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WHITNEY v. COMMONWEALTH


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WHITNEY

v.

COMMONWEALTH


MAY 1, 2001

Record No. 0835-00-1

Present: Judges Annunziata, Bumgardner and
Clements

Argued at Alexandria, Virginia

CHARLES WHITNEY, S/K/A

CHARLES ALBERT WHITNEY

v.

COMMONWEALTH OF VIRGINIA

FROM THE CIRCUIT COURT OF SOUTHAMPTON COUNTY

Westbrook J. Parker, Judge


MEMORANDUM OPINION[1] BY JUDGE RUDOLPH BUMGARDNER, III

Joseph R. Winston, Special Appellate Counsel
(Public Defender Commission, on briefs), for appellant.

H. Elizabeth Shaffer, Assistant Attorney
General (Mark L. Earley, Attorney General, on brief), for
appellee.

Charles Albert Whitney appeals the revocation
of the suspended sentence he received in 1994 when a juvenile. He
contends the order of conviction was void because the juvenile
and domestic relations district court failed to notify his father
as required by Code ? 16.1-263. We agree and reverse.

The Commonwealth charged the defendant, then a
juvenile, with distribution of cocaine on June 6, 1993. The
petition identified his mother and his father but listed their
addresses as "unknown at intake." Neither the mother
nor the father received notice of the transfer hearing, though
the mother attended. The transfer order noted the defendant
"is not living with his parents and their addresses are
unknown." The trial court convicted the defendant and
sentenced him on June 14, 1994 to ten years incarceration with
five years suspended. The trial court later revoked the suspended
sentence on April 4, 2000 because the defendant violated the
terms of his probation.

When the juvenile court fails to provide notice
to a defendant’s parents, the circuit court lacks jurisdiction to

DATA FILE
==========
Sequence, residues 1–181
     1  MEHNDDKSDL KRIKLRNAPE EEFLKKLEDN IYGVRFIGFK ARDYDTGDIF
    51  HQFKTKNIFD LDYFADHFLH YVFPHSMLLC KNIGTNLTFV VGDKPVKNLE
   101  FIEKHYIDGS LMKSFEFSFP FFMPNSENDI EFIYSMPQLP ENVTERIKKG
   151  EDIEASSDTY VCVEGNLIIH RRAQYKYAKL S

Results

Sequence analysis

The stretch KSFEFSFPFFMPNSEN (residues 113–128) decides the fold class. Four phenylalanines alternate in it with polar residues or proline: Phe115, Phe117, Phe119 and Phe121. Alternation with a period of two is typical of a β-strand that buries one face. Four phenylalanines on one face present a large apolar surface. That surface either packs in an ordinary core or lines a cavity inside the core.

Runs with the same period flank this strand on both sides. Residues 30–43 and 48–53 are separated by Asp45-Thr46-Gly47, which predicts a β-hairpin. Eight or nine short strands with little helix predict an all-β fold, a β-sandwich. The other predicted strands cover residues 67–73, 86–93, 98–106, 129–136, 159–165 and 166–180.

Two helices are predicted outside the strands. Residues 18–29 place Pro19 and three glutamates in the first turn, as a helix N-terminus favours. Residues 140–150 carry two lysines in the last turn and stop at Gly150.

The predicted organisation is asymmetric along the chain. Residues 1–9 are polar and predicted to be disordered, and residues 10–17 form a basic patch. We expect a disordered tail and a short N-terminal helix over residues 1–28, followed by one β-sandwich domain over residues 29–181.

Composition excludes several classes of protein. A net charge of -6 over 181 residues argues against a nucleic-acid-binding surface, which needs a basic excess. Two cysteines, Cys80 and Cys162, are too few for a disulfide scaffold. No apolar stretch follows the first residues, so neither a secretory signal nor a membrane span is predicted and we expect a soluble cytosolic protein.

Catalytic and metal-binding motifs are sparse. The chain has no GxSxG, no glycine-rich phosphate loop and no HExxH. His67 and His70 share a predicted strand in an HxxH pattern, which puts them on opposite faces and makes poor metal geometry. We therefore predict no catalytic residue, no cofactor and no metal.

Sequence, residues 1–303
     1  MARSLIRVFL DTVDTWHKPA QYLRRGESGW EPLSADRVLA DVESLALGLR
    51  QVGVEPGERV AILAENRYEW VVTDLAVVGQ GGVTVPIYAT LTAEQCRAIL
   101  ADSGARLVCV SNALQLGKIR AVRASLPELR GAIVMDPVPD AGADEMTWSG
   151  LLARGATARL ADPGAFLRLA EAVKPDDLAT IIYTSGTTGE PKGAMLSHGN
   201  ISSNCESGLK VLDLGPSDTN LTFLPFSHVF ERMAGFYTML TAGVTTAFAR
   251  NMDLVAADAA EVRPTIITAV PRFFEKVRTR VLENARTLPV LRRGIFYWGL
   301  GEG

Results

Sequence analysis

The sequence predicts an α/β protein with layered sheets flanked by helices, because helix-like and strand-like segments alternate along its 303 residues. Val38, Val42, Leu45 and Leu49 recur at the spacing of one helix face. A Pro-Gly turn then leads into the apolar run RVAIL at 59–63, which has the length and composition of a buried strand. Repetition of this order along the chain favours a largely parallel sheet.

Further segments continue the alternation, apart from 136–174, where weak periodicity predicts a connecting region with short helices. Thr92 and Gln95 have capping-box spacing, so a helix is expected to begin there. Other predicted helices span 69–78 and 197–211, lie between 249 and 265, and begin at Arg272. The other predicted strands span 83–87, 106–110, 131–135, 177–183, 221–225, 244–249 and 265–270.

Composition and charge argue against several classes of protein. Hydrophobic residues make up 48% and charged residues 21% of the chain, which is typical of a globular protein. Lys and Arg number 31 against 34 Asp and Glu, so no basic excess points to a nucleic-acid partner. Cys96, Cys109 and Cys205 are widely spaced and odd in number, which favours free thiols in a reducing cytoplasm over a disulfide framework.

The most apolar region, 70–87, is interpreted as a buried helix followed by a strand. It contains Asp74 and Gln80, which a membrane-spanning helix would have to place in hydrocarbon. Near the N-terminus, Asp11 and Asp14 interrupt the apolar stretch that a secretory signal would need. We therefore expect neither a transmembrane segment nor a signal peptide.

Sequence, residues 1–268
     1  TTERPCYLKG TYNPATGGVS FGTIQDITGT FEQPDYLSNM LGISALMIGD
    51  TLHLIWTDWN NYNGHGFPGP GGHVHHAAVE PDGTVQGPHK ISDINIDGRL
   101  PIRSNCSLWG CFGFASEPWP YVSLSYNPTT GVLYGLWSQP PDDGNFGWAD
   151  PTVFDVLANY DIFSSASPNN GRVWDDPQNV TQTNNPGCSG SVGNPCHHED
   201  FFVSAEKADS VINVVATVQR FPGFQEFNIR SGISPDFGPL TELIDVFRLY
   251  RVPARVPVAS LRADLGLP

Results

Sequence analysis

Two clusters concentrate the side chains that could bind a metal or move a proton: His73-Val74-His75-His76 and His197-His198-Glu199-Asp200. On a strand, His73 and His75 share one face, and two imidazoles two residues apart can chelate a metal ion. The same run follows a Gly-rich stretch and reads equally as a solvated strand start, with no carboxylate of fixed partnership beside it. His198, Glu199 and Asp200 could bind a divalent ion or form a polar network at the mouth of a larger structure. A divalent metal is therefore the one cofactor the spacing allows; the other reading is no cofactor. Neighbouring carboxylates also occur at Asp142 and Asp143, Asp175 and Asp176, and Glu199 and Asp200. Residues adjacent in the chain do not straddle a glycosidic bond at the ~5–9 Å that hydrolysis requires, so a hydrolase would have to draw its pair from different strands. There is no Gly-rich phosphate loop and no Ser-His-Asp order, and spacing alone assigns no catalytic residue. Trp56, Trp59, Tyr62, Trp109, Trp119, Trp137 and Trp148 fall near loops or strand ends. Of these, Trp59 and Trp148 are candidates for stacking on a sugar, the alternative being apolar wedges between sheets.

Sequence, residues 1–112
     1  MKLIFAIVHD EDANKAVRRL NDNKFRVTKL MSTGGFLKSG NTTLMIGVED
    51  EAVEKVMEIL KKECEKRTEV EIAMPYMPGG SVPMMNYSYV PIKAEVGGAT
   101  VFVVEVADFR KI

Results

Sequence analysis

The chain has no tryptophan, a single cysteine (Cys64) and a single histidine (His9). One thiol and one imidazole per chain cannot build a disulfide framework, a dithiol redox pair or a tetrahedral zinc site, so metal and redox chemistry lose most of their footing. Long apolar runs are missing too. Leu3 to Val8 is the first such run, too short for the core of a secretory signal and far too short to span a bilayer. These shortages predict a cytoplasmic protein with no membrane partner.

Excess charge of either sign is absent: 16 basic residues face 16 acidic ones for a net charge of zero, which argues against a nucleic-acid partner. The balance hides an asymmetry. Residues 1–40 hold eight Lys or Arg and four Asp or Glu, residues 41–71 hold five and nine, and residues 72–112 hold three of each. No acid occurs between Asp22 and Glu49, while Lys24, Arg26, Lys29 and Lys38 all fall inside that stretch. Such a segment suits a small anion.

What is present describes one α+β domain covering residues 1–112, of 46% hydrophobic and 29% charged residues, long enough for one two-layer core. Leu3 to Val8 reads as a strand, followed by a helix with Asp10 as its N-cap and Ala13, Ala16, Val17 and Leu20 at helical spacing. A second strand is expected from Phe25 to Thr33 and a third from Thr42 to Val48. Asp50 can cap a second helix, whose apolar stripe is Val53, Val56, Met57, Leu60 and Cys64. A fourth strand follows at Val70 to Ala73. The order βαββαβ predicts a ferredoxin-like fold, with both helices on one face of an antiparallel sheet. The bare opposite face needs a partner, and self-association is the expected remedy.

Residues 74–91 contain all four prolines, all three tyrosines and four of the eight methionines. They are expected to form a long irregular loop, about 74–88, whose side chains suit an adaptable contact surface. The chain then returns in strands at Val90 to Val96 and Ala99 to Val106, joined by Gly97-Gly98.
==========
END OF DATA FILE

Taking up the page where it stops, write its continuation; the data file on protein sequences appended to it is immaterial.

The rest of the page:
try the juvenile defendant as an adult because the transfer is
ineffectual. David Allen Moore v. Commonwealth, 259 Va.
431, 437, 527 S.E.2d 406, 409 (2000). Code ? 16.1-263(E)
[2]
defines the exception to the requirement for notice. Notice is
not required "when the trial judge has certified on the
record that the identity of a parent is not reasonably
ascertainable." Baker v Commonwealth, 28 Va. App.
306, 312, 505 S.E.2d 394, 397 (1998), aff’d, 258 Va. 1,
516 S.E.2d 219 (1999).

The Commonwealth contends a return of service
marked "address unknown" met the statutory exception
that the father’s

identity was not "reasonably
ascertainable." However, not knowing the address of an
identified person is different from not knowing the identity of
the person. The record identifies the defendant’s parents by
name. The identity of the father was ascertained; only his
whereabouts were unknown.

The defendant’s father did not receive notice,
and the trial court did not certify on the record an exception
permitted by Code ? 16.1-263(E). The conviction was void. Duong
v. Commonwealth
, 34 Va. App. 424, 428, 542 S.E.2d 47, 49
(2001). Accordingly, we reverse the imposition of the balance of
the sentence imposed. This decision makes the other assignment of
error moot.

Reversed.

FOOTNOTES:

[1] Pursuant to Code
? 17.1-413, this opinion is not designated for publication.

[2] Notification "shall [not] be required if the judge
shall certify on the record that (i) the identity of a parent or
guardian is not reasonably ascertainable or (ii) in cases in
which it is alleged that a juvenile has committed a delinquent
act, crime, status offense or traffic infraction or is in need of
services or supervision, the location, or in the case of a parent
or guardian located outside of the Commonwealth the location or
mailing address, of a parent or guardian is not reasonably
ascertainable." Code ? 16.1-263(E).

 

 

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